Their Irish origins are mysterious, though they were almost definitely a 19th century agrarian secret society. Their name may have emanated from a tradition that was not just Irish – the Welsh were party to it as well in the so-called Rebecca riots – where male activists disguised themselves as women before engaging in illegal activity up to and including murder. They may have also have been associated with the main Roman Catholic rival to the Orange Order, the Ancient Order of Hibernians.
But it wasn’t in Ireland that the Molly Maguires made a name for themselves.It was in the anthracite mines and on the rail-roads of Pennsylvania. Here, the tactics used against landlords and land agents in Ireland, were applied in bitter labour disputes, with the Hibernians, an organisation that originated in the USA, acting as a legitimate front for the illegal activities of the Mollies. Then again there are historians who do not believe this shadowy conspiracy ever existed on the scale that was claimed by the owners and shareholders of the mines and railways in late 19th century Pennsylvania. That is a point of view widely held at the time as well.
Immigrant labour offered a glorious opportunity for Pennsylavania capitalists to undercut the wages being paid to American-born miners. Pay for Irish migrants was low and conditions were brutal. On the job fatalities and injuries ran into the hundreds each year. The so-called ‘panic of 1873’ – not a million miles from the stock market crash of 1929 and the sub-prime crisis of 2007 made a bad situation even worse for the mine and railroad workers.
Just as every crisis brings opportunity, mostly for the unscrupulous, the President of the Philadelphia and Reading Coal and Iron company, Franklin Gowen, son of an Irish immigrant and the richest man in the region, decided it was high time to crush the burgeoning trade union activity in the state, represented by the Workingmen’s Benevolent Association. While the ‘Molly Maguires’ may have been the convenient invention of Gowen himself there is no doubt that the perceived enemies of the Pennsylvania mineworkers were being killed by the dozen. In one of the six main anthracite mining counties there had been 50 such murders between 1863-67.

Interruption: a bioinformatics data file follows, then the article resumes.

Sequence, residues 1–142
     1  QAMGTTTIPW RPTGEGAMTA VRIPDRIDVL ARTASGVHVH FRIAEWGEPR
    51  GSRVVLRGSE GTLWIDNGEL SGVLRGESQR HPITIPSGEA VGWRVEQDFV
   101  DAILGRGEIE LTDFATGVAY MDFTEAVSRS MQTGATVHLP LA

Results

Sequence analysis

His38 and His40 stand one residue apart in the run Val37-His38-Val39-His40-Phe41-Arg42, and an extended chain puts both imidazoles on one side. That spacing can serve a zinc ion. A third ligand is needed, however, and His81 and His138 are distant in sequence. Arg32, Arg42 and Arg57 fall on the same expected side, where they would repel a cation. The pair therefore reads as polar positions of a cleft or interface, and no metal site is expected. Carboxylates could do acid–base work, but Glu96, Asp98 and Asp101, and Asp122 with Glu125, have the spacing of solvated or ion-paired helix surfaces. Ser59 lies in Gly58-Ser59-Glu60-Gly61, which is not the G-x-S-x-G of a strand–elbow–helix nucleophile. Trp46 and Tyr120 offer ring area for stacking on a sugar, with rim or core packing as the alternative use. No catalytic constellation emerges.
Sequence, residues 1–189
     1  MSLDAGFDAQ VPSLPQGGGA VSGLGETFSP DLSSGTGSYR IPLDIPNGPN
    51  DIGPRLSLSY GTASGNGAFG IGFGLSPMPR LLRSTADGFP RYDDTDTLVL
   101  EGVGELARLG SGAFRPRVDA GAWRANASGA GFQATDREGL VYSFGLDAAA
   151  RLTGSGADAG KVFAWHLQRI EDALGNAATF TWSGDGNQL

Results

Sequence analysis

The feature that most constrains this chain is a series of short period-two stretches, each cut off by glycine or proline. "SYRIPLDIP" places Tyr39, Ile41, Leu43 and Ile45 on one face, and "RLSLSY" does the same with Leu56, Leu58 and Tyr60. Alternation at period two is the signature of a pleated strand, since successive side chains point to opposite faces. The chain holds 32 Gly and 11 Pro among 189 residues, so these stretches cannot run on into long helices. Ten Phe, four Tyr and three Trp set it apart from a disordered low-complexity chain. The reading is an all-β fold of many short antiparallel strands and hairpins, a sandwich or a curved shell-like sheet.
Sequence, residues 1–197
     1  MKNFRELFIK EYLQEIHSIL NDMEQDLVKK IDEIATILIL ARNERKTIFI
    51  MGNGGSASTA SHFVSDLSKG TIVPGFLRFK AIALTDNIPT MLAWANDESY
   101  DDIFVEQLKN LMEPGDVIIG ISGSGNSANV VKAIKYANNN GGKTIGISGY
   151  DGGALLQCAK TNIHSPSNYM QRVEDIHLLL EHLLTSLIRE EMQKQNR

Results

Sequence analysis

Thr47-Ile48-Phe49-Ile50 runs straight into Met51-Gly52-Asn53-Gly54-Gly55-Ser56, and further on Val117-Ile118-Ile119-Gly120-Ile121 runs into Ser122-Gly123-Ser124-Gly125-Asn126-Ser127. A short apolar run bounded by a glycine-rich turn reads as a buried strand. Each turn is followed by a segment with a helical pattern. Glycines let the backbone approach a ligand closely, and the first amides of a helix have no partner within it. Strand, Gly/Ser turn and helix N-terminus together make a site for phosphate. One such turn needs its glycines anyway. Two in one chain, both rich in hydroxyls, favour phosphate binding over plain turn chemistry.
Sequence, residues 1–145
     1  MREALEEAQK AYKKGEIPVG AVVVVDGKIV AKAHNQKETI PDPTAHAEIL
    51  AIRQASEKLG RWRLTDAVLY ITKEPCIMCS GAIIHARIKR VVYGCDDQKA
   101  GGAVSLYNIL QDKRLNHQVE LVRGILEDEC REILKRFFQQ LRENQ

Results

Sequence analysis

Gowen, with the co-operation of his fellow mine owners, engaged the services of the yet-to-become-famous detective agency run by Scottish immigrant Allan Pinkerton, to help break a general strike in the anthracite fields. In 1875 he despatched an agent, Armagh-born James McParland, to the area. Posing as ‘James McKenna’ the Pinkerton detective infiltrated the Benevolent Association and claimed also to have insinuated himself in to the confidence of the Molly Maguires. Information gathered by McParland was, in the first instance, passed on to vigilante elements who happened to share Gowen’s union-bashing objectives. When suspected Mollies were murdered in their own homes McParland threatened to resign from the Pinkerton organisation but was persuaded to remain in place. After six months the strike ended and most of the miners returned to work having agreed to a 20% wage cut. However, Irish-born members of the Ancient Order of Hibernians refused to concede and fought on. Attacks on overseers, strike-breakers and police continued until information supplied by McParland led to a number of arrests.
The Armagh Pinkerton, who had, by his own account, been a trusted collaborator of the leadership of the Mollies, testified against a number of those accused of murder. Demonstrating the extent of his political power within the state of Pennsylvania Gowen had himself made special prosecutor and conducted some of the cases against the Mollies. The accused included the alleged ringleader of the organisation John ‘Black Jack’ Kehoe. McParland’s testimony sent ten men to the gallows. Many of them, including Kehoe, loudly proclaimed their innocence of the crimes of which they had been convicted. In 1979 the state of Pennsylvania pardoned Kehoe posthumously after an investigation by its Board of Pardons at the behest of one of his descendants.
The Molly Maguires have passed into legend. Arthur Conan Doyle based a Sherlock Holmes mystery, The Valley of Fear on their alleged activities. The 1970 film The Molly Maguires, starred Sean Connery as Kehoe and Richard Harris as McParland.
Four members of the alleged Molly Maguires conspiracy, Alexander Campbell, John Donohue, Michael Doyle and Edward Kelly were hanged in Pennsylvania 134 years ago, on this day.